Some of you reading this will be twins. Most will be fraternal twins. A few of you will be identical twins. You might even be mirror twins–identical siblings who are the mirror images of the other. Around three in every thousand births is a set of twins, so whatever kind of twin you are, you’re incredibly special.
I’m not a twin (I’ve asked my mum a dozen times so I’m pretty sure) but I’ve spent a lot of time writing about them. There’s the Troubletwisters series, co-written with Garth Nix, which follows the magical adventures of fraternal twins Jack and Jaide Shield. There’s my earlier series, the Books of the Cataclysm, about mirror twins Seth and Adrian Castillo. There were even twins in some of the Star Wars novels I wrote. And now there’s my new series Twinmaker, which despite its title doesn’t have any natural twins in the first book, Jump (but there will be in book two).
I say “natural twins” because Jump is about what life would be like in a world where, in theory, anyone could be copied at any time. This is a world where an amazing technology, d-mat, enables anyone to step into a booth in Alice Springs, say, and step out a moment later in Hobart. D-mat works by taking someone apart and scanning them, saving their pattern into computer memory. That pattern is then sent to another booth, where the person is rebuilt from scratch, just like in Star Trek or any number of TV shows and computer games. For someone who travels a lot, it’d be absolutely brilliant, right?
The thing is, once you’ve got a person’s pattern in a computer, what’s to stop you from mucking around with it? You could delete it, for starters. (Would that be the same thing as killing them?) You could copy them, creating a twin of the original. (Would that twin be the same as the original or a different person entirely, as we currently regard identical twins?) Or you could change them in a thousand different ways . . . and here’s where the story of Jump kicks in.
What if someone told you that by carrying a note through d-mat you could change anything about yourself that you didn’t like? You could be smarter, stronger, taller, more beautiful–anything at all. It’s not supposed to be possible, it might even be illegal, but would you be tempted anyway? I know I would be.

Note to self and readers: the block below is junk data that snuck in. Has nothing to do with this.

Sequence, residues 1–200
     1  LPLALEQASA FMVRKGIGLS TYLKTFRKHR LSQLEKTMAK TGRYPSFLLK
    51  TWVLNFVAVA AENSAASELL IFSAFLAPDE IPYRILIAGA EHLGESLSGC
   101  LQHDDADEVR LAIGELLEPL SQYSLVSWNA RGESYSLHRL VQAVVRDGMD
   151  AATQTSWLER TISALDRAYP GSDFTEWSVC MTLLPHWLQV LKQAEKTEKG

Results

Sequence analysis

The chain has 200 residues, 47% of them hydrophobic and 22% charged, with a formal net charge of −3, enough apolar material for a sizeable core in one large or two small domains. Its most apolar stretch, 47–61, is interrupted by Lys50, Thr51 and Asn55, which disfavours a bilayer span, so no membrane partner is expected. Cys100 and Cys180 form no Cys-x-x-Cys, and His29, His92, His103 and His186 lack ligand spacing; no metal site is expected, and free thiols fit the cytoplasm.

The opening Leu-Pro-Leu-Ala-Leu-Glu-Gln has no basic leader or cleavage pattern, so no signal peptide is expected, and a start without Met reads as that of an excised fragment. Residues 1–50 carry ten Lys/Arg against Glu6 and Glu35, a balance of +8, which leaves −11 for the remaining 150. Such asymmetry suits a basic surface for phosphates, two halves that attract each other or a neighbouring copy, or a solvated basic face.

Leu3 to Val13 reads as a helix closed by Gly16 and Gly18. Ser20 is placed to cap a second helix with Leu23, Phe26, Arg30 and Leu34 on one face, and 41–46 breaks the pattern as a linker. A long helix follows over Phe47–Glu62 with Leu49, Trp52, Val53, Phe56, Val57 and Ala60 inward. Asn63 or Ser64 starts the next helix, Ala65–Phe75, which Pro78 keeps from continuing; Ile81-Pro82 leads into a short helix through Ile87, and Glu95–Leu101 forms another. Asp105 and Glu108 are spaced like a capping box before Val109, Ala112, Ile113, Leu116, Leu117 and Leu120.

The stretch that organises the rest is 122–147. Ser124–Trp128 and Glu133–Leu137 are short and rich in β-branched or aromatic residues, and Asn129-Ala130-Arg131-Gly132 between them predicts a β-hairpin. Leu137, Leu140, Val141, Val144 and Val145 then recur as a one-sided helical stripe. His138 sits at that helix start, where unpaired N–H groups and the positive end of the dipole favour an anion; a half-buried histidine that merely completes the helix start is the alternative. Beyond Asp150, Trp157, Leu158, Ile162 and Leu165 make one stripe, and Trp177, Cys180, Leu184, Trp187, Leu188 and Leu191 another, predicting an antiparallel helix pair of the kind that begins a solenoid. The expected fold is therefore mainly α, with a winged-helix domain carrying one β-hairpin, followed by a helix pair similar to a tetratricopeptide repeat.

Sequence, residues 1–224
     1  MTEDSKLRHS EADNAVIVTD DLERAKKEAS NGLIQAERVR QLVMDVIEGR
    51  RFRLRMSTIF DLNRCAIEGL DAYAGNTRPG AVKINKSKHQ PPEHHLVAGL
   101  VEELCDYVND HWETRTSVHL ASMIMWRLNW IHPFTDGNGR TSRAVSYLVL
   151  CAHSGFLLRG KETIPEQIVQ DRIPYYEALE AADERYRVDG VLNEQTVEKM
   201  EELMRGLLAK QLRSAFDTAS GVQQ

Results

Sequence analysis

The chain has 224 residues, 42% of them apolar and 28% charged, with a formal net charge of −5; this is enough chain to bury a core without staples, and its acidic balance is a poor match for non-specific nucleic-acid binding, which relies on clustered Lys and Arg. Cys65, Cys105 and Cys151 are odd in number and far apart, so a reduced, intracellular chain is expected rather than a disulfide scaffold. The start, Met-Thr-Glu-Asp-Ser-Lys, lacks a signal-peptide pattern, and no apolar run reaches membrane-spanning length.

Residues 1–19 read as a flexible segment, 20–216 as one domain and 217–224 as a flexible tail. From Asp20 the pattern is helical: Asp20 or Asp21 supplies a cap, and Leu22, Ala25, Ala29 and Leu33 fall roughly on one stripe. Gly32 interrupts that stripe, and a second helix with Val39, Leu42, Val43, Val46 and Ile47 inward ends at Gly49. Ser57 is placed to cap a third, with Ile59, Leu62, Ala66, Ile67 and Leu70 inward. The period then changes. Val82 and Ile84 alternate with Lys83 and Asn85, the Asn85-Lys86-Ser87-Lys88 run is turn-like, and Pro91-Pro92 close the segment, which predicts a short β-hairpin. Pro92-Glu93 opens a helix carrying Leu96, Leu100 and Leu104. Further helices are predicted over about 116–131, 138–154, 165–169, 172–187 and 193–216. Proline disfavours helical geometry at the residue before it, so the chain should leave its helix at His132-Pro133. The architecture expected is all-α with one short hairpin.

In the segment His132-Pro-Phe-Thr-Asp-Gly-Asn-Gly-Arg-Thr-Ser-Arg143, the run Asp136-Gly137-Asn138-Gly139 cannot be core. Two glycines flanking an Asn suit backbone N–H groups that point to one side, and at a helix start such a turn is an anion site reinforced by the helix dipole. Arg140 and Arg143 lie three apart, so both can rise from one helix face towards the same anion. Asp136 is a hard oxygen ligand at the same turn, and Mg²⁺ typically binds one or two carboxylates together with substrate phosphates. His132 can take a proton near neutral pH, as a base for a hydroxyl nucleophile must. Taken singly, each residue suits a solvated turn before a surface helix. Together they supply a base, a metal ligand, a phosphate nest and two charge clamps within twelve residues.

Anyway, you can see how this technological kind of twinning would raise all sorts of questions and problems. What if you copied yourself and your copy took over your life? Do copies have souls? If the Pope creates a twin to work as his body double and then the original dies or is killed, does the body double automatically become the Pope? If you have a copy of yourself stored in your computer, can this earlier version of you be used to bring you back from the dead?
Armies of identical ninjas, sports teams composed entirely of one player, famous actors working on dozens of films at once . . . The possibilities are endless. And while it may seem silly to spend time thinking about something that actually isn’t possible right now, these kinds of thought experiments are a fun way to ask how we regard fundamental things like selfhood and identity in everyday life (as philosophers have been doing for thousands of years).
Some people swear that they would never go through such a machine because the person who goes in is destroyed, and the person who comes out is different. In one sense, they’re completely right. In another sense, how is this different from how all the cells in our bodies slowly replace themselves as we grow and age? How is it different from when you go to sleep at night and your sense of self switches off? We feel that we are the same person we were when we were toddlers and looked and behaved very differently, so why wouldn’t we feel the same on the other side of a journey through d-mat, when in theory we were exactly the same?
These are the questions that keep me awake at night–and the concept of twinship lies at the heart of so many of them. Twins have been around as long as humans have been, those rare, wonderful, marvellous people who by their very existence prove just how much the rest of us take for granted in our lives. Sometimes I wish I was one. Other times I’m glad I don’t have to share my birthday cake.
Whichever way I look at it, I know I’m going to be writing about twins for a long time. If only I could create a copy of myself to keep up!
(First published in Reading for Australia in 2013)